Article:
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Welfare Essay Research Paper To what extent

Welfare Essay, Research Paper To what extent do you believe the government should be involved in welfare today?Under the old welfare system, founded during the Great Depression, the federal government provided fairly uniform benefits to the nation?s poor ? mostly mothers and children ? with out regard to the details of their personal circumstances, and with no time limit.

Welfare Essay, Research Paper

To what extent do you believe the government should be involved in welfare today?Under the old welfare system, founded during the Great Depression, the federal government provided fairly uniform benefits to the nation?s poor ? mostly mothers and children ? with out regard to the details of their personal circumstances, and with no time limit. But as the times changed, changes that should have been made years ago, didn?t become effective until the Personal Responsibility and Work Opportunity Reconciliation Act in August of 1996. Now, welfare is left to the discretion of individual states. This is the way that welfare should have been all along. Even so, I feel that assistance should only be available to those with jobs or on some kind of temporary work leave (ex: injury, maternity).

The welfare programs of the Great Depression changed American values forever. I interviewed my grandfather on the topic, and he only agreed. Even though his family was poor, he was raised never to accept anything he didn?t work for.

?Men had pride back then,? he recalled in a lecturing tone, ?and supporting your family made you honorable, no matter what your job was. Then welfare came along and disrupted all of it. America was never supposed to be about giving hand-outs to the lazy, it was meant to provide opportunity for the willing.?

That?s why I feel the new changes in the system are exactly what this country needed. According to the ACF Press Room Statistics, from August of 1996 to June of 1999, the number of families receiving welfare nation wide fell 43% (from about 4.4 million to 2.5 million) and the number of recipients in the US receiving welfare fell 44% (from 12.2 million to 6.9 million). In Pennsylvania, the statistics were equally impressive, also falling 43% (from 531,059 recipients to 304,451). Pennsylvania, like 31 other states, requires that recipients must find work within 6 months of receiving their first assistance payment and only allows transitional Medicaid and child care for a maximum of 12 months. A family can receive assistance for a lifetime total of 60 months, but families can receive assistance for 12 months after a birth that would be exempt from the lifetime total.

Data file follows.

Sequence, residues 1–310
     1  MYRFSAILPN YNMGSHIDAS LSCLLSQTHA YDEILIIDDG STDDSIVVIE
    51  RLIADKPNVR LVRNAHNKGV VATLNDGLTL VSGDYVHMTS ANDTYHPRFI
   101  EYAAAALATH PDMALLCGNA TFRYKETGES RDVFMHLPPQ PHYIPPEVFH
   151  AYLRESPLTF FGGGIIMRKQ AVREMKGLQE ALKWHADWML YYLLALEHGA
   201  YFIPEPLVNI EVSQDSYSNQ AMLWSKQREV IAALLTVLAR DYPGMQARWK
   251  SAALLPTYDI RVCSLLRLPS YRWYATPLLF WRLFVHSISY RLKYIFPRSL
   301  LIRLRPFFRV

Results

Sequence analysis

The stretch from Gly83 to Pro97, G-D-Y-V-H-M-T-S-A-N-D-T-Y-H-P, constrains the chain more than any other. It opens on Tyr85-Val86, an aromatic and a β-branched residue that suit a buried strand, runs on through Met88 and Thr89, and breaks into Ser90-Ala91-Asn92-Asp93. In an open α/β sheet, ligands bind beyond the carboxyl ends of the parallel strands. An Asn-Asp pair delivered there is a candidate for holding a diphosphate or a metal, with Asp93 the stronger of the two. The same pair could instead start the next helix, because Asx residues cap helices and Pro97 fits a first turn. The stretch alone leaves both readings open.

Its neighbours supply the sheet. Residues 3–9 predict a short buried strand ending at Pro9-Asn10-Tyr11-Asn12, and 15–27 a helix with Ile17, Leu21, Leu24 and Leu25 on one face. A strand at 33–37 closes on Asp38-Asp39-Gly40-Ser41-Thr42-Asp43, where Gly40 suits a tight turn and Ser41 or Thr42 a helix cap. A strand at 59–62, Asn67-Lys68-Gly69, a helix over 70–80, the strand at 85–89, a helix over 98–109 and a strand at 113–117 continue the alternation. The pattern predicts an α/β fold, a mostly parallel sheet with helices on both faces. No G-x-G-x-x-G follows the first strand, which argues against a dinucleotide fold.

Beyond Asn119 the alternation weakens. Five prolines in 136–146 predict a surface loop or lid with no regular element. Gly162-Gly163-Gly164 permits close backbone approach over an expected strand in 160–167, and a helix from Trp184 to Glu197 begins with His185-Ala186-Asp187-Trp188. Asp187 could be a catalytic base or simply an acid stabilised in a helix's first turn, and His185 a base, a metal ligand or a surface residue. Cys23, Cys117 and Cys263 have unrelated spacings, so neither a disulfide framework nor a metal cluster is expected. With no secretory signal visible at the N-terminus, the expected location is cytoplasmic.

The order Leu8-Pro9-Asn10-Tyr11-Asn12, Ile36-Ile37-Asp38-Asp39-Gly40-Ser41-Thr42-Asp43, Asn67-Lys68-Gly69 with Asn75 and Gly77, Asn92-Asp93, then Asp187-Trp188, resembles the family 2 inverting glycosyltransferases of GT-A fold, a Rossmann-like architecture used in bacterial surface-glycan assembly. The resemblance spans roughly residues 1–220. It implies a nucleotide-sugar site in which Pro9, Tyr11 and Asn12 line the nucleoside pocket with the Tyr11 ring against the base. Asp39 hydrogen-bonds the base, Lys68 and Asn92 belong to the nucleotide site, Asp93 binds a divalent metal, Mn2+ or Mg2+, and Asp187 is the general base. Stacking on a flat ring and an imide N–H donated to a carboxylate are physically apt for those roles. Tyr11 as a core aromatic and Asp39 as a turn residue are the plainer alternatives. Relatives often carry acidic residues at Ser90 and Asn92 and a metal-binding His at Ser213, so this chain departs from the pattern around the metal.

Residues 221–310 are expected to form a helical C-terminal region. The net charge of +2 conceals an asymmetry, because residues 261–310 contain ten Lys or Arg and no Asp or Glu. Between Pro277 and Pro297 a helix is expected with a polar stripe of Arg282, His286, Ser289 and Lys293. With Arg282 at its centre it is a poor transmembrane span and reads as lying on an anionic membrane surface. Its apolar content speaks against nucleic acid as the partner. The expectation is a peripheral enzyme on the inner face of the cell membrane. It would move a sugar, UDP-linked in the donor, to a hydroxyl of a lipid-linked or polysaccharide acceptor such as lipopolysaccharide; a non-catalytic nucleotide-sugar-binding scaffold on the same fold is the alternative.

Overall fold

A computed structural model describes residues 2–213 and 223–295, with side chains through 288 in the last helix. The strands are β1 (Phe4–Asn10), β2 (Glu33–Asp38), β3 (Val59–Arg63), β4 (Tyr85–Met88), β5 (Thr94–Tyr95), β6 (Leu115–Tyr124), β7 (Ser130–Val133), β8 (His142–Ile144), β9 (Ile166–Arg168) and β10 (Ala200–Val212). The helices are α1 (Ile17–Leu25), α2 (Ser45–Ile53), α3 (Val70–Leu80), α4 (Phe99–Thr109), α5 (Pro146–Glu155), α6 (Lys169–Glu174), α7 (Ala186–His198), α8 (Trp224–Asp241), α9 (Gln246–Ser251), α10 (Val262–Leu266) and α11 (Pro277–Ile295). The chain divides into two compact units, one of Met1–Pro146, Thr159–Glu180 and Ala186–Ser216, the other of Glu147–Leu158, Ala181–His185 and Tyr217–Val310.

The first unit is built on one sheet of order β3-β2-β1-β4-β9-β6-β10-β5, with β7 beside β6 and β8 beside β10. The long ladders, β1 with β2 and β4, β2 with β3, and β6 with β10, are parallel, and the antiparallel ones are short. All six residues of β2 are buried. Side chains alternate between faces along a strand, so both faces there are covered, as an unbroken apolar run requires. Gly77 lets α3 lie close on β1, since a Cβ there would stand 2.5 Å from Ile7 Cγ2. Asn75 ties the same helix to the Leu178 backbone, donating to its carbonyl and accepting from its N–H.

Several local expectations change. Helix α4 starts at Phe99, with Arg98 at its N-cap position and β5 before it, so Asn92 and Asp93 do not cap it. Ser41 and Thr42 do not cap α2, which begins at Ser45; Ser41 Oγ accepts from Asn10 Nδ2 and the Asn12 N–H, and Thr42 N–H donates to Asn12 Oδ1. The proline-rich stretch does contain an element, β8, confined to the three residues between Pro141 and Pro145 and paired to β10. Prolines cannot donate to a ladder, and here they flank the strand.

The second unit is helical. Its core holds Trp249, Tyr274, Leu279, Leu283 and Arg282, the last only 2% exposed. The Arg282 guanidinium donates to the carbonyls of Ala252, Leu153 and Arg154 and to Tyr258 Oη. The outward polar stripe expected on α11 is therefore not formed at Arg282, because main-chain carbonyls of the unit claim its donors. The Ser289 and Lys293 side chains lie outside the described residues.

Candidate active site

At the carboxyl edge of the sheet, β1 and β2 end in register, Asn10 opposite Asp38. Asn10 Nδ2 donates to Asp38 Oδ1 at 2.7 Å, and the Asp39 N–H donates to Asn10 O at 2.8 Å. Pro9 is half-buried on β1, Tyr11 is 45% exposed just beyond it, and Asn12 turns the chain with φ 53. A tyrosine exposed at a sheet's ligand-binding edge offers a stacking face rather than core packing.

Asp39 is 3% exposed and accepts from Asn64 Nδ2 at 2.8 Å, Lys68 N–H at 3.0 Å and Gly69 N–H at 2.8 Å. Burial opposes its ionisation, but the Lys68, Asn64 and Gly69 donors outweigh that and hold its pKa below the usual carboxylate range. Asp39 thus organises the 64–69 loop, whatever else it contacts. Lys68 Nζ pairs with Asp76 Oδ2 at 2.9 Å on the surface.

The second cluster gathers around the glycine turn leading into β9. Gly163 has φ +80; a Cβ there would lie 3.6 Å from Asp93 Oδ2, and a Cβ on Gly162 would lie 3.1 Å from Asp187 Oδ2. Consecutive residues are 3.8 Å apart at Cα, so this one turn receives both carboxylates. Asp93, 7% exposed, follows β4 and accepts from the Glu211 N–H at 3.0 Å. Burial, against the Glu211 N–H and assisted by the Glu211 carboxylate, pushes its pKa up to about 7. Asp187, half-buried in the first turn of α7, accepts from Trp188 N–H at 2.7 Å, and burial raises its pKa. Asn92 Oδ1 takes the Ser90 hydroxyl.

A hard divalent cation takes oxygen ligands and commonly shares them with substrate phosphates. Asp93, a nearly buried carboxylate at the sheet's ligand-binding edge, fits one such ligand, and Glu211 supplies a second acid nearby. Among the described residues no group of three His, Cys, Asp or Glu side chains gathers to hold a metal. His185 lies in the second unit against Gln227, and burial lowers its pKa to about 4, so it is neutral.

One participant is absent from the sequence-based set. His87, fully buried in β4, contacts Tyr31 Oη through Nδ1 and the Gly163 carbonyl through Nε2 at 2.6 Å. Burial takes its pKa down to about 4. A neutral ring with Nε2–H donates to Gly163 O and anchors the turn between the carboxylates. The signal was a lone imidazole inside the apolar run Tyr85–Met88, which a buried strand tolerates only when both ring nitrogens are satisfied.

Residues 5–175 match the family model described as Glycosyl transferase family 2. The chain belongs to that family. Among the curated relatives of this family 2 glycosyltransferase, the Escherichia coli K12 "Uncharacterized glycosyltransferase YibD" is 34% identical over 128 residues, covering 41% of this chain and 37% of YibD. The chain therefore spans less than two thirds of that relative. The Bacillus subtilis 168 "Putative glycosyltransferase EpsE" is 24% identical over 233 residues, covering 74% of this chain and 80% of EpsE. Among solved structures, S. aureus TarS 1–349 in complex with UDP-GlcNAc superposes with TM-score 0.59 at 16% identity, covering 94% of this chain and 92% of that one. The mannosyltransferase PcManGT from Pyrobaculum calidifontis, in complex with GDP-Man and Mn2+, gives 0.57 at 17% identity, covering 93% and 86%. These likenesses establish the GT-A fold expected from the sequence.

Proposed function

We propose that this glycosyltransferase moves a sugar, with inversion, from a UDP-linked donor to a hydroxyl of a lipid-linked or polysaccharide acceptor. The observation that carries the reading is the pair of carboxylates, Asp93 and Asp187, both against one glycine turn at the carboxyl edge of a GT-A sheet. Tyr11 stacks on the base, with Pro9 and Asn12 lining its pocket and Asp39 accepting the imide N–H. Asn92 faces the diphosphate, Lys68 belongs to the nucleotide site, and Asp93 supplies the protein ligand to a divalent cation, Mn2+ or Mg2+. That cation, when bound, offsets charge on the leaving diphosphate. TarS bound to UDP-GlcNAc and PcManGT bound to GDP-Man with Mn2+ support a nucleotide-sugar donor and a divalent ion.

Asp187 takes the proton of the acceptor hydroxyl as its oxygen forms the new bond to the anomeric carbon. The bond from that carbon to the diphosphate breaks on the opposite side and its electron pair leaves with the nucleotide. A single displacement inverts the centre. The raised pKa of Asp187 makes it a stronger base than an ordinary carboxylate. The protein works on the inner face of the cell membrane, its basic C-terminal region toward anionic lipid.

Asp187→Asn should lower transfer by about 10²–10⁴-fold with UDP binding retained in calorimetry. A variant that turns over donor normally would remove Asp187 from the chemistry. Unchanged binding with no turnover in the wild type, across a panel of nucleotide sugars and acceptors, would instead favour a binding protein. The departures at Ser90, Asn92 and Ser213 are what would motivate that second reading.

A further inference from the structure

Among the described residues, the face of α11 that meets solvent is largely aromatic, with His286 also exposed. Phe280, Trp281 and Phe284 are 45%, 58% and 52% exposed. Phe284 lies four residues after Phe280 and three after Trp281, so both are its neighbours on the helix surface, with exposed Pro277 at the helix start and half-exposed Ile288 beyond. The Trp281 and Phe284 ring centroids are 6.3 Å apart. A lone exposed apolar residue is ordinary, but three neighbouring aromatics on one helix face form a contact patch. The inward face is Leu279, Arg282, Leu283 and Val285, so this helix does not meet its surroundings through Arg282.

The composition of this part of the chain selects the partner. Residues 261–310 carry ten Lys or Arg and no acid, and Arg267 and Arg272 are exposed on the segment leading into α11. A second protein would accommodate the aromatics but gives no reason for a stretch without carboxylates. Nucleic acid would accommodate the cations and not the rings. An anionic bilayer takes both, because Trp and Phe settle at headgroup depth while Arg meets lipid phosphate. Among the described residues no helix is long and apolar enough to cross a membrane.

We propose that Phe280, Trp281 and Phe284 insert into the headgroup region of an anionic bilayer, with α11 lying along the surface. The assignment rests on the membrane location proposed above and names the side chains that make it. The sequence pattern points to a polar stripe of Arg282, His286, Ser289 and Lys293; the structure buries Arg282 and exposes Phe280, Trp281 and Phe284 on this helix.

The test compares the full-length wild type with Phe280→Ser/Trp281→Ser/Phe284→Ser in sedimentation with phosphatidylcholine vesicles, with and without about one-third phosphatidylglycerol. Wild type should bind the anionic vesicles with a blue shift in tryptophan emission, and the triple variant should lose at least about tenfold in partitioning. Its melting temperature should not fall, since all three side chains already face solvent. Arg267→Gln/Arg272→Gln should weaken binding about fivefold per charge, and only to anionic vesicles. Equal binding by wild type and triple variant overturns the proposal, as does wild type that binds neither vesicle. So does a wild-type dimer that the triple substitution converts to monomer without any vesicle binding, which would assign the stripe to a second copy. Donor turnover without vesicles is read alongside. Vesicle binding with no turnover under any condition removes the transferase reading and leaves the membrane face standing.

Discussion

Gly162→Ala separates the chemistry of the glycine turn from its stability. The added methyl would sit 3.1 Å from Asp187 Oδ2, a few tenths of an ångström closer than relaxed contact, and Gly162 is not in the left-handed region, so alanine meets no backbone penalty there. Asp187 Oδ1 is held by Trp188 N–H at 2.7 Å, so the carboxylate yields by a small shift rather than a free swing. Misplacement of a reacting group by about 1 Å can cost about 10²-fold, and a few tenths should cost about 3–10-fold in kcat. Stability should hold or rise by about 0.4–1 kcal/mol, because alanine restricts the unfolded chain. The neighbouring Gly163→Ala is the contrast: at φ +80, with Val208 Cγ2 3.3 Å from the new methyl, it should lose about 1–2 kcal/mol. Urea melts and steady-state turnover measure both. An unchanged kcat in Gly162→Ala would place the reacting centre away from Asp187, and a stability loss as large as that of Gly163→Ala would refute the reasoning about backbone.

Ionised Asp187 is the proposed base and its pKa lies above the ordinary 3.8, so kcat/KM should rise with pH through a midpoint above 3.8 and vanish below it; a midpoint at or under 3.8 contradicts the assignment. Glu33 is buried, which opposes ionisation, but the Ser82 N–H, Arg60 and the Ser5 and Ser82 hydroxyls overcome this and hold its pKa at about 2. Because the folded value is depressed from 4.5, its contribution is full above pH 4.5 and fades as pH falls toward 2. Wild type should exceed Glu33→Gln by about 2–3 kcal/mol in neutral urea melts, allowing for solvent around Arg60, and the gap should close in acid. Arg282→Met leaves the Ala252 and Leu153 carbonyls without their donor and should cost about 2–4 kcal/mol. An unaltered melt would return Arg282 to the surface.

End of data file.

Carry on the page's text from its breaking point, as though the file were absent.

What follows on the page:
By limiting the amount of time a family can spend on welfare, the government has put a stop to generations of dependent and unmotivated citizens. They are now forcing those who once made excuses to make progress. The only unfortunate result of the time limitations is for those who still don?t take responsibility and find jobs. Since the vast majority of assistance recipients have children, that leaves those children as the direct victims. There is really no way to prevent this from occurring, except to put them back on some kind of assistance, disregarding the new laws.

Many critics suggest that getting the vast majority of welfare recipients into jobs will be difficult. While two thirds of the welfare recipients are either on assistance only for a short time, or on-and-off, the remaining third have proven unresponsive to prior attempts to find them lasting work. For some, the problems are concrete and potentially addressable such as lack of child care or transportation. To address the child care issue, the state has generously increased funding for day care programs. For others, notably those who have never held a job, the problems appeal greatly to humanitarians – poor health, lack of skills or confidence, or even lack of desire. These are very addressable problems. The government provides medical assistance; and adequate financial aid for those seriously considering a return to school. Lack of motivation can be dealt with using rather simple words: ?You are now cut off of assistance, you better get a job?. It is not the government?s responsibility to provide motivation for those who don?t want to support their children. There are limits to what Americans should expect their government to do.

Over time the welfare system has fallen victim to tremendous abuse. American citizens as a whole are very confused. Some are shouting to care for anyone who can?t care for himself or herself in any way possible for as long as it takes. Others are busy opposing them, calling for an end to the welfare that made Americans so weak and dependant, creating the ultimate motivation: poverty. Then there are those that feel the government is personally responsible for finding jobs for those no longer eligible for the programs. That leaves the political viewpoint of those like myself: our welfare system, for the current social conditions, is just fine. It?s not too enabling but not likely to be taken advantage of either. There is no way to satisfy every opinion and so we are left to think of it logically. The working class citizens shouldn?t have to pay anymore than they do currently to support those on assistance. To increase assistance would increase taxes, and while the wealthy extreme-humanitarians may not mind, the average worker simply can?t afford it and probably would mind. Respectable, hard-working American citizens shouldn?t be held responsible for the income of the ?unmotivated?.

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